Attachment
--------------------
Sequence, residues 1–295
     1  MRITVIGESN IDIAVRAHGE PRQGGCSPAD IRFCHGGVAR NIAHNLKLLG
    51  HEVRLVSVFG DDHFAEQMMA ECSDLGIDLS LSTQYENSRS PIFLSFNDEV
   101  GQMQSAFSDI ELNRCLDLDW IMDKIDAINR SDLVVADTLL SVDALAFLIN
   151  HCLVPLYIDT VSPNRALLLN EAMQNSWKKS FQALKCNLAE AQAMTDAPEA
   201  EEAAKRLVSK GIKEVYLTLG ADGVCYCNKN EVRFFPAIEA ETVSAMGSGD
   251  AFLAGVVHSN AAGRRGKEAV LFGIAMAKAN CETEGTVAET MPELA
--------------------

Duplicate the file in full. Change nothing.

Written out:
Sequence, residues 1–295
     1  MRITVIGESN IDIAVRAHGE PRQGGCSPAD IRFCHGGVAR NIAHNLKLLG
    51  HEVRLVSVFG DDHFAEQMMA ECSDLGIDLS LSTQYENSRS PIFLSFNDEV
   101  GQMQSAFSDI ELNRCLDLDW IMDKIDAINR SDLVVADTLL SVDALAFLIN
   151  HCLVPLYIDT VSPNRALLLN EAMQNSWKKS FQALKCNLAE AQAMTDAPEA
   201  EEAAKRLVSK GIKEVYLTLG ADGVCYCNKN EVRFFPAIEA ETVSAMGSGD
   251  AFLAGVVHSN AAGRRGKEAV LFGIAMAKAN CETEGTVAET MPELA